Using the "Do You Have Any Questions?" Question
Using the "Do You Have Any Questions?" Question
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During most interviews, an interviewer provides the candidate the opportunity to ask questions. In most cases the highly-anticipated “Do you have any questions?” question falls towards the end of the session, though some companies today throw candidates a curveball and start the interview this way (consider yourself warned).
Many candidates use this invitation to gather information that will be helpful in making a decision on any offer that may be extended. This reaction is instinctual. The interviewer used the allotted time to ask the candidate questions to determine whether or not an offer should be made, so when the tables are turned the candidate asks questions to determine whether or not an offer should be accepted. At best it’s a chance to “interview the company”, and at worst learn if they have direct deposit.
Others may go into a reflective mode and ask about their own performance. This puts an interviewer on the spot and isn’t likely to produce a positive outcome. A candidate that performed well might now be considered insecure.
What if interviewees viewed the opportunity to ask questions in an entirely different way?
The interview is a finite amount of time where the candidate’s ultimate goal should be to make a positive impression on the interviewer and ideally gain an employment offer.¹ Any minute of interview time not used towards those ends is wasted.
The minutes provided to ask questions are the only time during an interview where interviewees have total control of the conversation. This window provides candidates a one-time opportunity to steer dialogue to areas advantageous to their candidacy.
This is not to suggest that candidates should never ask about perks, benefits, responsibilities, and all the things that will help with evaluating an offer. Candidates should fully utilize interview time to convince employers of their positive qualities. There will be ample time post-interview for candidates to get the information needed about the company’s offerings.
How can interviewees maximize the opportunity?
The key is to anticipate the question and not to blow it. Unprepared candidates may react with “How did I do?”, but most will gravitate towards asking questions best described as “What’s in it for me?”. Any questions about salary, benefits, perks, vacation, and training fall into this category in most situations, which are best to ask at the offer stage. Interviewees who lead with questions about the company’s tuition reimbursement policy give the appearance that they are looking for a scholarship more than a job.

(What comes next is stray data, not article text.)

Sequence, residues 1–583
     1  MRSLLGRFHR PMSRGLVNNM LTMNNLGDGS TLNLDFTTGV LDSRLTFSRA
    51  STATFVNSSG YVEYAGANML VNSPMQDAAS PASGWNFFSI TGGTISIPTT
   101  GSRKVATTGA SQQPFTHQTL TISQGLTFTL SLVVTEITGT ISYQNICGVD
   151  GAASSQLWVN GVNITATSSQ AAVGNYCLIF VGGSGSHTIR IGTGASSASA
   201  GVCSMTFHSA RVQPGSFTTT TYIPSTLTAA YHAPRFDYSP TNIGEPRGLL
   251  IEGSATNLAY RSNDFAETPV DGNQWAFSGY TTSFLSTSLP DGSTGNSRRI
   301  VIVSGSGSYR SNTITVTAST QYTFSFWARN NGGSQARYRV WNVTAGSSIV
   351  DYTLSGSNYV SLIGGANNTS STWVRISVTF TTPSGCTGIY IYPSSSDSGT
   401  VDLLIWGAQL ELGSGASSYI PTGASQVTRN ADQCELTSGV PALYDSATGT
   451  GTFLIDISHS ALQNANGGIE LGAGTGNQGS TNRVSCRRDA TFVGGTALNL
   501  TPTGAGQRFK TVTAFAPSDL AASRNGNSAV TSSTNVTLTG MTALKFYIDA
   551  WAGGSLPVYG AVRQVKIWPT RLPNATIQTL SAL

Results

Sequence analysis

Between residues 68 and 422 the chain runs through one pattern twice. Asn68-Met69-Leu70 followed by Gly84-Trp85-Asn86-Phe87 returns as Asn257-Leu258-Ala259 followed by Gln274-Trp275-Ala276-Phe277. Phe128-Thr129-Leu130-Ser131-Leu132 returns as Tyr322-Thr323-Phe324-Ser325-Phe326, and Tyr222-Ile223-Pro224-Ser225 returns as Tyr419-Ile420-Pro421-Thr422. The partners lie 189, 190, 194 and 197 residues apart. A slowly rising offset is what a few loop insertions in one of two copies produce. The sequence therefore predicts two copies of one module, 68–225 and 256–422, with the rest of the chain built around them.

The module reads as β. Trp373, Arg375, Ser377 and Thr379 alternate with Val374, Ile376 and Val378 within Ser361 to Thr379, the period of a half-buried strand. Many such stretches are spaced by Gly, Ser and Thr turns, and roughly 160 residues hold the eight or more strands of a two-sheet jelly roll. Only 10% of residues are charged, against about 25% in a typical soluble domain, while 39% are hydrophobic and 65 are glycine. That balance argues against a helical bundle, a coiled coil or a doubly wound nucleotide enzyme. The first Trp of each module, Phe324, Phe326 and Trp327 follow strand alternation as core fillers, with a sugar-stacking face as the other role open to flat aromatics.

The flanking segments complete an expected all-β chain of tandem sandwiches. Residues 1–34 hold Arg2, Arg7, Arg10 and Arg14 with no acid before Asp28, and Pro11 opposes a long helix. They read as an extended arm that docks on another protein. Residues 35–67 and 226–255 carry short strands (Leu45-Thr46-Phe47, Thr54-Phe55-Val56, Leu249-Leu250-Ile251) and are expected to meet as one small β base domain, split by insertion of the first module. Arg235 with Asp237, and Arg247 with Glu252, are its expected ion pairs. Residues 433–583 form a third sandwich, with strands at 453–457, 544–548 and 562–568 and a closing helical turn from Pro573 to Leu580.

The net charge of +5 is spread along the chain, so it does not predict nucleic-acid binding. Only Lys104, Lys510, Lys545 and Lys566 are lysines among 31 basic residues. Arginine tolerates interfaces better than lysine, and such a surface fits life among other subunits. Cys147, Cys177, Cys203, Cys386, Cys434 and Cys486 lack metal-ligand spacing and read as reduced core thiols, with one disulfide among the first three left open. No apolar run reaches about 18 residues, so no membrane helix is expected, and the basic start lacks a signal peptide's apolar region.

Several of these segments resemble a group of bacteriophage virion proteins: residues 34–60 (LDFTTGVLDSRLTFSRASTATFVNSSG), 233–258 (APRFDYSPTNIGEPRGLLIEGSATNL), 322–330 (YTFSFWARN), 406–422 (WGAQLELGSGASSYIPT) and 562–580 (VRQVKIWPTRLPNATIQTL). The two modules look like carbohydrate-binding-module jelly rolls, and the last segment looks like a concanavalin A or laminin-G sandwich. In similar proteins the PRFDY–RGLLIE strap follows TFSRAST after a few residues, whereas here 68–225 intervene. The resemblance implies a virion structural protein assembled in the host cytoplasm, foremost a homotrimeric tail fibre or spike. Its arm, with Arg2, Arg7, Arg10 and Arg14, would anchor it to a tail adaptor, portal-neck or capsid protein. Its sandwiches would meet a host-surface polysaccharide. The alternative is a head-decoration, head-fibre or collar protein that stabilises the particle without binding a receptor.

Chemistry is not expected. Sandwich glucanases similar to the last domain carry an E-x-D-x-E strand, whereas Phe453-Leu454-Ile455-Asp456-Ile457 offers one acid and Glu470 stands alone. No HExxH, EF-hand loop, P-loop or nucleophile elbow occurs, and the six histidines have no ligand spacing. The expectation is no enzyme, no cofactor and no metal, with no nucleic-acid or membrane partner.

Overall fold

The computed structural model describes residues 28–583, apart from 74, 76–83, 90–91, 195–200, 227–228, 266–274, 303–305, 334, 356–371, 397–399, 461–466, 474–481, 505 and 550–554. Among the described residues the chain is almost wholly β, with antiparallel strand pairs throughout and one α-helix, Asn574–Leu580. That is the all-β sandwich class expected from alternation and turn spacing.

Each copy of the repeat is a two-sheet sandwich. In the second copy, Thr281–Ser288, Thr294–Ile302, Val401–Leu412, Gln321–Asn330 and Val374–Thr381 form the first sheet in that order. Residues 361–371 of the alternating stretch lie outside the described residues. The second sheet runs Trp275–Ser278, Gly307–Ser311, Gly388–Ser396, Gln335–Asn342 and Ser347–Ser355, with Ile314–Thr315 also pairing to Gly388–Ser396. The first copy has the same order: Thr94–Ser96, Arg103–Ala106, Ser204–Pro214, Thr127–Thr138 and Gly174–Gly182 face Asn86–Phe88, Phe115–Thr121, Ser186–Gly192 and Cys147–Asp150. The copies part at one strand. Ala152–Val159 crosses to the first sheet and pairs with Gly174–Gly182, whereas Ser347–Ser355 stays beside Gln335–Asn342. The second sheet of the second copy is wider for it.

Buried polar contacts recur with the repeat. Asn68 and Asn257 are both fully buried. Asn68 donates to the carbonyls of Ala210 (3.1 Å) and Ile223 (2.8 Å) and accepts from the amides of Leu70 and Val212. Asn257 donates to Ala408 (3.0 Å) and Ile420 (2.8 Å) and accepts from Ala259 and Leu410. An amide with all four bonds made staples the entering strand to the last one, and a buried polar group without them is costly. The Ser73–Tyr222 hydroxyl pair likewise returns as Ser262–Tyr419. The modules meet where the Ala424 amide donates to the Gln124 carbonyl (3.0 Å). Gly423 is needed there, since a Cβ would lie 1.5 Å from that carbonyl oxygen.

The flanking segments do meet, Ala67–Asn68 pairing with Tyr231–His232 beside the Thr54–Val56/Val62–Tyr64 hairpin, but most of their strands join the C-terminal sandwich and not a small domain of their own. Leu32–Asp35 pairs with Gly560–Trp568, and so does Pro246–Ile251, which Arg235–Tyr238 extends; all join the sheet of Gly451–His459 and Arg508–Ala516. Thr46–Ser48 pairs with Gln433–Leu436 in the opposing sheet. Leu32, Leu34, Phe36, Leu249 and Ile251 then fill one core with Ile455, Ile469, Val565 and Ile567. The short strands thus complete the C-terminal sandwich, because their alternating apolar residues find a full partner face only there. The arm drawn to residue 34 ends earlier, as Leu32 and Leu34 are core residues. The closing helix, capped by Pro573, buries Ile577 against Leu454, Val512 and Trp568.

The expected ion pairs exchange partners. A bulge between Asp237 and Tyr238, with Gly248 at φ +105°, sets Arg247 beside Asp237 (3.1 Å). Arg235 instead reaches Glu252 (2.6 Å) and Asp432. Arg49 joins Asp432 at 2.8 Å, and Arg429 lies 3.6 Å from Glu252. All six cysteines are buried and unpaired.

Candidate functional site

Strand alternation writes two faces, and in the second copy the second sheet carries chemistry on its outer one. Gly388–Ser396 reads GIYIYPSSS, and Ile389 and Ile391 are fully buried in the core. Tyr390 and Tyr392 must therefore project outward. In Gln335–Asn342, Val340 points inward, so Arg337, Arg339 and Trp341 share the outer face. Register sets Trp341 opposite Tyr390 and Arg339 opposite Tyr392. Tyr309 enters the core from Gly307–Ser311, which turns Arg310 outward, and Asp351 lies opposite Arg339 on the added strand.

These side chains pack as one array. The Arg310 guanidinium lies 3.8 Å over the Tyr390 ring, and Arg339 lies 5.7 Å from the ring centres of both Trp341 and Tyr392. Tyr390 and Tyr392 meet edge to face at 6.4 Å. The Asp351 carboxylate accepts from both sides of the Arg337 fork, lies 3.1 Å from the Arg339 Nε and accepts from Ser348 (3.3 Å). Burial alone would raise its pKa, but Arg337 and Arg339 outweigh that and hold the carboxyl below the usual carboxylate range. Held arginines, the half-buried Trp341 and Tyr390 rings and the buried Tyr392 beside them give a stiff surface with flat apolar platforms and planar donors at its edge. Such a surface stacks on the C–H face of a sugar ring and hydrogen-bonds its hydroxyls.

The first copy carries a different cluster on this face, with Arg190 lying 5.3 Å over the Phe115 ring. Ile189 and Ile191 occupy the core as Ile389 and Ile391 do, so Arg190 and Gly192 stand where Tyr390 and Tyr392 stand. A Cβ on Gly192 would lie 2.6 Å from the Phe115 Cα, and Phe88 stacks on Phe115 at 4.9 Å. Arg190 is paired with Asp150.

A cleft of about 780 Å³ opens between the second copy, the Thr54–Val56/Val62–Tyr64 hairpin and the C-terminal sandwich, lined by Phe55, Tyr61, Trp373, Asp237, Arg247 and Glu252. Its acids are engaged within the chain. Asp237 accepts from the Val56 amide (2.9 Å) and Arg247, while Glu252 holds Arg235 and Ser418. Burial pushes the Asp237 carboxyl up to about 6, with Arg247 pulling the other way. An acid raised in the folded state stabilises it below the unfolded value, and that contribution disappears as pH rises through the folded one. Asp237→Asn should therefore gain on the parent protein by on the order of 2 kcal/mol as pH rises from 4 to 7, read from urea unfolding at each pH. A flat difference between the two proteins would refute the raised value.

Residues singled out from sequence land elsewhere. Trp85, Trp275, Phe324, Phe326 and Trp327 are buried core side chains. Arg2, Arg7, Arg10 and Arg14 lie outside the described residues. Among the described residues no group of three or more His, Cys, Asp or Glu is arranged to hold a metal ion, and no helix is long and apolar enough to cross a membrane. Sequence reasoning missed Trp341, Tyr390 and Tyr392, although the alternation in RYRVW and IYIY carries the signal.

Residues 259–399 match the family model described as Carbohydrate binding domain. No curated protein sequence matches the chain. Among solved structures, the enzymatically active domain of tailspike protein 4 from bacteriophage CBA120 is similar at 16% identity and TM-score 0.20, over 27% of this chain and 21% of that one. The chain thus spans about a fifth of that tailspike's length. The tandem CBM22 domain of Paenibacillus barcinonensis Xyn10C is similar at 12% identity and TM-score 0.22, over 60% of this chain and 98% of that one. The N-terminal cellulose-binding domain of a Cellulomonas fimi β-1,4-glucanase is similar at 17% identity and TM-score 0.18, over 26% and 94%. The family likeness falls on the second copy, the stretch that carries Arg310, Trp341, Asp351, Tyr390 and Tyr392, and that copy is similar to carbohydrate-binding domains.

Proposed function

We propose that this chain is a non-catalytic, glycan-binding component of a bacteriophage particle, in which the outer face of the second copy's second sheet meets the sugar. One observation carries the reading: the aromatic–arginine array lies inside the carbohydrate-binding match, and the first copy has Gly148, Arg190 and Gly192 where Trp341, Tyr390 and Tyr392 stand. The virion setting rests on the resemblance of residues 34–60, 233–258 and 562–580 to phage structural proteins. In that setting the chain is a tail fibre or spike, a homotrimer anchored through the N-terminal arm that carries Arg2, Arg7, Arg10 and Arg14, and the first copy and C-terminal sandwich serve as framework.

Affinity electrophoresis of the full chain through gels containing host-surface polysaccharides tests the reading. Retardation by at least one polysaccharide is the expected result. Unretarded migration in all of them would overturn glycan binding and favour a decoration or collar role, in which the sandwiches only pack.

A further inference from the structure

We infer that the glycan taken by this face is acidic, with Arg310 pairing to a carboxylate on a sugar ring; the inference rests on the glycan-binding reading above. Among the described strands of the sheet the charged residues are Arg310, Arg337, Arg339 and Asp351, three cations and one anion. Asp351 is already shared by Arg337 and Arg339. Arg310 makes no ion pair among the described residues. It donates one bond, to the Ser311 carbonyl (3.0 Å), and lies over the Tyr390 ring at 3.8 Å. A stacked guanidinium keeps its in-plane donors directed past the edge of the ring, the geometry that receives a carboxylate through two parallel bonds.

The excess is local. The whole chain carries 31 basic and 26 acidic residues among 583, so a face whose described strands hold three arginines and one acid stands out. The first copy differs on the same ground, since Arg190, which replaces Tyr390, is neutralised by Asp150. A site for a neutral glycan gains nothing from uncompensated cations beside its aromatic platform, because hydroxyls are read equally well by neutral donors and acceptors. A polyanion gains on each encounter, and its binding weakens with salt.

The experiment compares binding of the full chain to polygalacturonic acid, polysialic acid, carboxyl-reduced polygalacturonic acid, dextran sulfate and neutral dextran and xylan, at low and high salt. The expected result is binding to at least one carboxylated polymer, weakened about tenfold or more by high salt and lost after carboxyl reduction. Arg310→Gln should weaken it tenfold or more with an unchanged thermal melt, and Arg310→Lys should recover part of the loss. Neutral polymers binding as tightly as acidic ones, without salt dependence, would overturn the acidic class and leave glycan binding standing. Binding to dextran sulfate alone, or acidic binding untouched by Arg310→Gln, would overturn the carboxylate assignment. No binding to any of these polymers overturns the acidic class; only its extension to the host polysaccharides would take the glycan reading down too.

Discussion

What strategies can prepared candidates use to utilize the time wisely?
Create positive thoughts – Creating any positive thoughts in the interviewer’s mind gives the best chance for offer. Most interviewers (even engineers, with some exceptions) will enjoy talking about themselves for a bit.“What is your background?” and “What was it about this company that interested you?” are ways to make that happen, while the latter also should generate a positive answer. Too many questions like this will start to resemble an interrogation.
Redirect to a highlight - If an interviewer failed to address a particular strength or highlight of the candidate’s career, that can be corrected. “Do you feel my experience in PROJECT/SKILL would be valuable to me when working for COMPANY?” may bring the interviewer’s attention to an accomplishment or skill that the interviewer overlooked.
Demonstrate interest and insight – A question that required research, such as one relating to a company current event, can demonstrate that an interviewee keeps tabs on the company and industry. “How do you believe COMPANY’S recent acquisition of COMPANY2 will impact future projects?” and “Do you feel COMPANY’S recent new product is indicative of the direction the company is headed?” will show that the interviewee did homework.
Show long-term thinking - Questions about long-term topics could show the interviewer that the candidate isn’t a mercenary just thinking about the next paycheck. Most questions about future projects, career path, and the goals of internal departments and groups can serve to differentiate an interviewee from the herd.
Interview time is limited, so use every bit wisely. Almost all questions that candidates use in their decision to accept/reject offers can be asked after an interview, and those candidates that fear they may waste time interviewing for jobs they won’t accept should be asking ‘deal breaker’ questions before interviews. Prepare questions in advance.
¹ For anyone thinking “But I’m interviewing the company as much as they are interviewing me”, I don’t disagree with that overall philosophy. However, I’d suggest that most candidates will probably gather most of the required information without needing to ask a multitude of questions, and those questions can be answered after interviews are complete. Let them interview first.
Published at DZone with permission of Dave Fecak , DZone MVB. See the original article here.
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